struggle and we won. That was the most joyous night. It was just
great. And then the trouble started more because now we’re a
permanent Authority and everybody wants to get into the act, you
know? About where the development is and where this is and we don’t
want a tunnel and—it was hard. I mean, I had five years of scars on
my back but just the other—what was it? August 11, I think, Dallas
passed with - what - seventy-seven point something percent to allow
DART to have long term financing. So, you see, the people have
DT: Is ridership pretty good?
00:48:38 – 2111
AH: Ridership is beyond expectations so far. It’s never
going to take enough cars off the street because, first of all, you
know, a—a light rail line only runs certain places. Now, we have
parking but not nearly enough. If you go by our Park Lane station,
that lot is full. Now, if they can’t get their car in there, they’re
not going to town on the light rail. All the lots are full. And
after I left DART, some wonderful engineer at DART who wanted more
money out of the budget for something he wanted, went and sold some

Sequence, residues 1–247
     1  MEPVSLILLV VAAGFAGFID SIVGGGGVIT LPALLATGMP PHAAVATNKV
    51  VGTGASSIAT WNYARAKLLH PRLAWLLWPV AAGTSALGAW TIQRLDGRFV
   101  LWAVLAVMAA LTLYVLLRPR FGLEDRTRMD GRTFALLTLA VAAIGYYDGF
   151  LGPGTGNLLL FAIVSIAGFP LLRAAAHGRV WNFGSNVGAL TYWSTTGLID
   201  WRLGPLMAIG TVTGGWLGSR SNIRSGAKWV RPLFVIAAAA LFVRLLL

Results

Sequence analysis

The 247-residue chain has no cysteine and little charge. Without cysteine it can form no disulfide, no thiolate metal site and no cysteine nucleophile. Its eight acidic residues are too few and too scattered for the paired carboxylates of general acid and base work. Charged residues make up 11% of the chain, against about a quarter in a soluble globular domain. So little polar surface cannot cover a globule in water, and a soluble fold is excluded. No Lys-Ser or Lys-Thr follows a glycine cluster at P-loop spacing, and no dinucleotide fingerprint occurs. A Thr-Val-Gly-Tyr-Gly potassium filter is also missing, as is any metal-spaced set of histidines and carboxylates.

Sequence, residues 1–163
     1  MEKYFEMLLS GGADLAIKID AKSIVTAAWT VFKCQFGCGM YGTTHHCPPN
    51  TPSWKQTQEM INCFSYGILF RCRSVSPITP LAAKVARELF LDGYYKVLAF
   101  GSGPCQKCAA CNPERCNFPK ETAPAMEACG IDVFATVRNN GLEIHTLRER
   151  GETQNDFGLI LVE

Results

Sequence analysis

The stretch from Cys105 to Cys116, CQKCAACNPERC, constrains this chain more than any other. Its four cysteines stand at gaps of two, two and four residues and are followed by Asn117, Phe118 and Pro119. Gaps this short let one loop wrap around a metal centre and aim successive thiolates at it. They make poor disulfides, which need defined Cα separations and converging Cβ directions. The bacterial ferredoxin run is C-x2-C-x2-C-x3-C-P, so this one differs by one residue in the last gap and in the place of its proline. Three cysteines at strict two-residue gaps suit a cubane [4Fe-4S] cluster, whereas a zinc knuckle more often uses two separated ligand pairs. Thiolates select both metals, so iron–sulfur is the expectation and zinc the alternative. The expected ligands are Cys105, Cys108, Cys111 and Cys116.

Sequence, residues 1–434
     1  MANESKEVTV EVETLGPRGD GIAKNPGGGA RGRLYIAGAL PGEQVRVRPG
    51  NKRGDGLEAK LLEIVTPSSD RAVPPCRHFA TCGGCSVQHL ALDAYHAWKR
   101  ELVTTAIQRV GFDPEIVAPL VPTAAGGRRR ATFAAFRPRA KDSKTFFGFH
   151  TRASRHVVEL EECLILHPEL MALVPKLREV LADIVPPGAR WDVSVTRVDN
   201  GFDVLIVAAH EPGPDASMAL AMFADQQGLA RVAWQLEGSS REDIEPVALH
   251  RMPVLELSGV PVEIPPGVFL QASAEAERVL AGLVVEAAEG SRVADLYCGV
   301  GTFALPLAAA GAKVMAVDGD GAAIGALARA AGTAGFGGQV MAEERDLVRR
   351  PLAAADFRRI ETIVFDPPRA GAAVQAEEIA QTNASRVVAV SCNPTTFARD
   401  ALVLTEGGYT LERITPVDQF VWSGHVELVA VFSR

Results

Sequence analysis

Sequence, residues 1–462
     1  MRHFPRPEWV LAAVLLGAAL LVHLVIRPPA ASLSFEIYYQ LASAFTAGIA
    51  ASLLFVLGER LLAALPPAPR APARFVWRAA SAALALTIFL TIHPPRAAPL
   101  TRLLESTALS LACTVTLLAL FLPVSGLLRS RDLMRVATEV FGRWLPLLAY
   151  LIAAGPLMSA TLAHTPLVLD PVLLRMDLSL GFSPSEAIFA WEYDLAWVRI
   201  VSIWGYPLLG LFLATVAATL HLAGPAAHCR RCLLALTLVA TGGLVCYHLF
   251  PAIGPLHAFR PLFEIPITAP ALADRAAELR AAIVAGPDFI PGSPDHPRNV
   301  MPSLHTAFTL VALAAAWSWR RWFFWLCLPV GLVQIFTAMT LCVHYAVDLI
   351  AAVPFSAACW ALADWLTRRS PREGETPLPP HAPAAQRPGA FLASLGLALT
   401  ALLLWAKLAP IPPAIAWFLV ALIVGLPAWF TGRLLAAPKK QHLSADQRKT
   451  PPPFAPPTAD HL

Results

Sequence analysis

of the lots—parking lots.
DT: What do you think the biggest accomplishment of DART
was while you were there?
00:49:31 – 2111
AH: Well, the biggest accomplishment is that you can get
that many people to sit down in a room and put a plan together. The
second big accomplishment is you could sell all the citizens a sales
tax, okay? The third accomplishment was almost overnight. We put
tons of new buses on the street. I mean, it was a metamorphosis
compared to what the City of Dallas owned in that bus system. It was
absolutely decaying, service was terrible, not enough buses and,
boy, we didn’t waste any time buying those buses, getting them on a
street and also starting express buses out of Richardson and Plano,
which were these big comfortable buses that you see on the roads,
you know. So we got those in force pretty fast and people knew we
meant business. The light rail slower. I mean, you can’t have
arguments and all that like some of the big cheeses downtown didn’t
want a subway, and we said, "Look, if you give us six miles plus of
subway into north central coming into downtown, we’re going to move
faster and we’re not going to get caught up in the state
construction of Highway 75, because they’re redoing north central.
We’ll be underneath them. We’re not in their way and they’re not in
ours." Well, PS: we couldn’t get all the tunnel downtown. They
fought us tooth and nail but we got three miles of tunnel under
north central. And we were open for business long before north
central was. So I felt good about that. I thought that was a great
DT: Speaking of being open for business, what do you think
we’re all going to be open for business, or what sort of challenges
do you think we’re going to face environmentally in the years to
00:51:40 – 2111
AH: Well, first of all, as you know, population increase